A&E » Film

Tintin & Tarantino 9

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There are some new flicks starting to pop up on the streaming services, notably Capone, a haphazardly constructed biopic starring Tom Hardy (Warrior, Venom) as the infamous gangster in his later years, as memories and dementia (and syphilis) wash away his existence.

The flick itself is all over the place, and not in a good way, but Hardy goes all-in, aspiring to Nic Cage-like levels of scenery chewing. This one is worth a watch but not at $20 a rental. Especially not when you can watch The Irishman for free.

There's also SCOOB! a new animated Scooby-Doo flick that brings almost nothing new to the table other than a short origin-story scene about how the gang all met. Kids will be into it (kids are super easy to please) but the rest of us can take a hard pass.

A better option, if you need to scratch that cartoon itch, is to check out all three seasons of The Adventures of Tintin on Amazon Prime.

Made in the early '90s, the series faithfully adapts 21 of the classic Hergé books, including Tintin in Tibet, which is an interesting one because there is no real villain, just nature (and a yeti) doing its thing.

Otherwise, the province may be opening up but Quarantino continues here in the back row. This week, we're up to 2011 and Django Unchained, Quentin's take on the slave trade era of America's deep south.

Set in 1858, Jamie Foxx stars as Django, a freed slave who teams up with a German bounty hunter (Christoph Waltz) to find his wife, who is being held in a plantation owned by a Calvin Candie (Leonardo DiCaprio), a mean bastard with a penchant for watching his male slaves fight to the death for sport.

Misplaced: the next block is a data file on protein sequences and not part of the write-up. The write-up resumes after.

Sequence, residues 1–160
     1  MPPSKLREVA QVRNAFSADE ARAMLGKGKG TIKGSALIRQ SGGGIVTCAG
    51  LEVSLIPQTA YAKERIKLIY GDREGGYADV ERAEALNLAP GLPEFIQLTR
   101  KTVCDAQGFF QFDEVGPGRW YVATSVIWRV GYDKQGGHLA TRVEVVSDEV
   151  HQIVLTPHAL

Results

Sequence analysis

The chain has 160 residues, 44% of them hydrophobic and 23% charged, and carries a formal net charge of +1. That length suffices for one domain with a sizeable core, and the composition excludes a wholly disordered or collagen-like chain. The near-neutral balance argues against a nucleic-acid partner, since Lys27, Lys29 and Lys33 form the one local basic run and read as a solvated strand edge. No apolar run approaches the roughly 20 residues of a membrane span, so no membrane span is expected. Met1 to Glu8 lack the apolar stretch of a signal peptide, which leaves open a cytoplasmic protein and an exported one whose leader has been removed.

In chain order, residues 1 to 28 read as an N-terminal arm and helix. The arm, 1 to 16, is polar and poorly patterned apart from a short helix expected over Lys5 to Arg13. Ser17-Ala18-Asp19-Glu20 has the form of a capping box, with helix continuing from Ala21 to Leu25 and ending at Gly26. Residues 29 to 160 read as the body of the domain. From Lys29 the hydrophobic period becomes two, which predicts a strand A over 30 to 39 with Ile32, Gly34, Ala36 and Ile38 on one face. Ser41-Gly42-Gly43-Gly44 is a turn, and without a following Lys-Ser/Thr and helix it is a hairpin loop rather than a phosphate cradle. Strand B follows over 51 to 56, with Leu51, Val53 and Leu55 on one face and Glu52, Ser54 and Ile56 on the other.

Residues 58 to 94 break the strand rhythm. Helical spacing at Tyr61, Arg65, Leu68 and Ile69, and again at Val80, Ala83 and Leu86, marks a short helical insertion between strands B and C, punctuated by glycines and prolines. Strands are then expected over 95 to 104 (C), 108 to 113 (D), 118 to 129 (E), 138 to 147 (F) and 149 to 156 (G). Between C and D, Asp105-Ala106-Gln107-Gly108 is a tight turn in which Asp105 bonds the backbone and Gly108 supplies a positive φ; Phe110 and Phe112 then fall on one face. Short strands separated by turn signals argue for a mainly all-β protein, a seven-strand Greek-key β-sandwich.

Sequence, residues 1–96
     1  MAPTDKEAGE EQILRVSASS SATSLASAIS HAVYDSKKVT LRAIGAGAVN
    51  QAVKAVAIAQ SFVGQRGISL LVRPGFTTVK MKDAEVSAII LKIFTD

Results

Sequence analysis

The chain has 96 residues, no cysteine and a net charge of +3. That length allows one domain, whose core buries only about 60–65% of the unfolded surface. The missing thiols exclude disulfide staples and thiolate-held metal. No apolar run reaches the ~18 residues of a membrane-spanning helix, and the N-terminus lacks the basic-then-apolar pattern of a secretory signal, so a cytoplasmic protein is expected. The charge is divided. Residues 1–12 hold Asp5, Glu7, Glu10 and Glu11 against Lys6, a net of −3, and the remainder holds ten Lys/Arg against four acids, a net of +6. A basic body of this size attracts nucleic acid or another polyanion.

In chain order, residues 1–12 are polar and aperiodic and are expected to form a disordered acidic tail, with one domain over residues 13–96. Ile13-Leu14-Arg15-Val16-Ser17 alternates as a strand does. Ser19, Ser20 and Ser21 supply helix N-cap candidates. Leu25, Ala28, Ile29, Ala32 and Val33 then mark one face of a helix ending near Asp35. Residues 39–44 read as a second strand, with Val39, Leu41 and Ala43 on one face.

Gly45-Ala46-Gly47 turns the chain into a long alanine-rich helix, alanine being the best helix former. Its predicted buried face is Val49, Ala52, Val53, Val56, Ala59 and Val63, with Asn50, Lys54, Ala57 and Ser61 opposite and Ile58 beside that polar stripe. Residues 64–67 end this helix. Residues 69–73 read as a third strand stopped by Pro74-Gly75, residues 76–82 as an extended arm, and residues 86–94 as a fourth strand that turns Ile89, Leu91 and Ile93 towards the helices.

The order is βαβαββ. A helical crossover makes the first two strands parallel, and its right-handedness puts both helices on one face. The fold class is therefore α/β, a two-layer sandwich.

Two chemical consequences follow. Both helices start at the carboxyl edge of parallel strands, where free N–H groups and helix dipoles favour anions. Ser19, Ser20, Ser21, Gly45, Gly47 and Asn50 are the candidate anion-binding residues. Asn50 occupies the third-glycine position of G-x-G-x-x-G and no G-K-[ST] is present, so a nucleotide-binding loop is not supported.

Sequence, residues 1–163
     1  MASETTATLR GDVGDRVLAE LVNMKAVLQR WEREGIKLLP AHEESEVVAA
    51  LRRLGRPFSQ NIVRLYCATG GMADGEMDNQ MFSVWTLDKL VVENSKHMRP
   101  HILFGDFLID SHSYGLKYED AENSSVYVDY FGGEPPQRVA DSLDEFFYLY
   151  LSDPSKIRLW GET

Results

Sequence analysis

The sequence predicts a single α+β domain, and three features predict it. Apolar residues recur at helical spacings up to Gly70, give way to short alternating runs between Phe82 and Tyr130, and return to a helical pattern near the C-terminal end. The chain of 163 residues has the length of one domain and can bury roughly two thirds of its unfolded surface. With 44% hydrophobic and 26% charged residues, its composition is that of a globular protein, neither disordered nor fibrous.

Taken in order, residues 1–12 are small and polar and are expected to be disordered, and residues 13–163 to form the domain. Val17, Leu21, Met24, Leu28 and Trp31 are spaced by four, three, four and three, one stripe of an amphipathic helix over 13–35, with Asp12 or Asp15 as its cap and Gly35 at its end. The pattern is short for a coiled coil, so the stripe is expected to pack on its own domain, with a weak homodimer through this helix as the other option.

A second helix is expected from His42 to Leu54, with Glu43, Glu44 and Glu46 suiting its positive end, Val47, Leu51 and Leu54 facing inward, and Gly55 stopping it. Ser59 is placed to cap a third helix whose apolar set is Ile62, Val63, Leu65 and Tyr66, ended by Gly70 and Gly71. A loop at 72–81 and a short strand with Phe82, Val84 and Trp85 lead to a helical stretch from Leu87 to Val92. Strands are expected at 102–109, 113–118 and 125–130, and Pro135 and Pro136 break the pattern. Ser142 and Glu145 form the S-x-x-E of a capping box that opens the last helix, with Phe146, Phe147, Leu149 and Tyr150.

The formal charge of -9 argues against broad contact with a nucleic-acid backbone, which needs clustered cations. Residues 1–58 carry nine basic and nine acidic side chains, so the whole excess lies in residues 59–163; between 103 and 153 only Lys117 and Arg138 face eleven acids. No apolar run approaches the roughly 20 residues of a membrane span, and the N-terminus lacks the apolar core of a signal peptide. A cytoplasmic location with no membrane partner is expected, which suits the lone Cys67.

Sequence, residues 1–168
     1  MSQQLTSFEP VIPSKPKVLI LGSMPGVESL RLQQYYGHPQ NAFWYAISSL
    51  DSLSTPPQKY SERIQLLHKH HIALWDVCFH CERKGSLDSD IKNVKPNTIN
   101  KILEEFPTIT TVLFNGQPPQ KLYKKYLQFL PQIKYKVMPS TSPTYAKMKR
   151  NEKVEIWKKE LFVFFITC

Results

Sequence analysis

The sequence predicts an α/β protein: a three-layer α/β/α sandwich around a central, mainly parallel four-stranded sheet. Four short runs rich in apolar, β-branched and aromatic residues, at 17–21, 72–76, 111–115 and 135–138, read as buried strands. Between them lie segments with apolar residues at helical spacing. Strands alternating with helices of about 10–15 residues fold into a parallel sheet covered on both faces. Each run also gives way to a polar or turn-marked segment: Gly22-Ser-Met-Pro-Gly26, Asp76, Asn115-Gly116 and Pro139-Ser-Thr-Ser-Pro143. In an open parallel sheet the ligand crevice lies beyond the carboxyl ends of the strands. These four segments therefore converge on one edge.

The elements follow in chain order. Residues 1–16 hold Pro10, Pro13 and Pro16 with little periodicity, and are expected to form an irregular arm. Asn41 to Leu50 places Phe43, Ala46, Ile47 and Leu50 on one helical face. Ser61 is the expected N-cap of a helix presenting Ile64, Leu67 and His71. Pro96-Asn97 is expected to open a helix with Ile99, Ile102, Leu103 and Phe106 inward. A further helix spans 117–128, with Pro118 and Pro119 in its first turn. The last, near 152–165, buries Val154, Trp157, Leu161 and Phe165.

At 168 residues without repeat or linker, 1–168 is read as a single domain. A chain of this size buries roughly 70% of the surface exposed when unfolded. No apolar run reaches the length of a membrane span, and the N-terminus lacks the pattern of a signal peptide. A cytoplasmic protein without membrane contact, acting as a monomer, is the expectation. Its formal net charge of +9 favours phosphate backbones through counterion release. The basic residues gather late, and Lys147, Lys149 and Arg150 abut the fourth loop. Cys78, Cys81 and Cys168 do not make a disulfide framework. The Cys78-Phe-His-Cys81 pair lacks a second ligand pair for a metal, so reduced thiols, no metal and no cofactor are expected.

Needless to say, revenge plays a role and, after a brief pause during Inglourious Basterds, Tarantino re-ups the violence for this one and posts an impressive body count.

And rightly so. In a statement at the time, Quentin said he wanted to do movies that dealt with America's "horrible past with slavery" but he wanted to do it in a genre film rather than a standard dramatic format, drawing from the spaghetti western genre and lesser-known '70s flicks like Django, Mandingo, and The Great Silence.

Tarantino had dipped his toes into the styling of old Westerns before, but this is his first full kick at the can, and he boots it pretty good.

Weighing in at a hefty 165 minutes, Django became Quentin's biggest financial success, with Waltz receiving great acclaim and numerous awards.

Not everyone was a fan, however. Filmmaker Spike Lee had already come at Tarantino for his liberal use of the n-word in previous films and, despite "historical context," called the film "disrespectful to my ancestors...American slavery was not a spaghetti western, it was a holocaust."

Others say his depiction of the horrors of slave life was anything but accurate.

In Tarantino's defence, as a piece of revenge fantasy taken to outrageous lengths, Django plays pretty well.

The villains are villainous and the heroes heroic, and Quentin's depiction of the KKK as bumbling fools is classic (despite the fact that the Klan didn't really exist until the decade after this film takes place).

As usual, he can be accused of lacking subtlety but we know by now that Quentin does what he wants, critics be dammed. (And anyone who expects him to paint inside the lines of historical accuracy need only watch the last reel of Basterds.)

DiCaprio is especially strong as the faux-gentile plantation owner, (Don Johnson shows up, too!) while Tarantino himself takes a small role, butchering his way though an Australian accent before going out with a literal bang.

Like True Romance, Django Unchained is a love story at heart, with a few hundred extra litres of blood.

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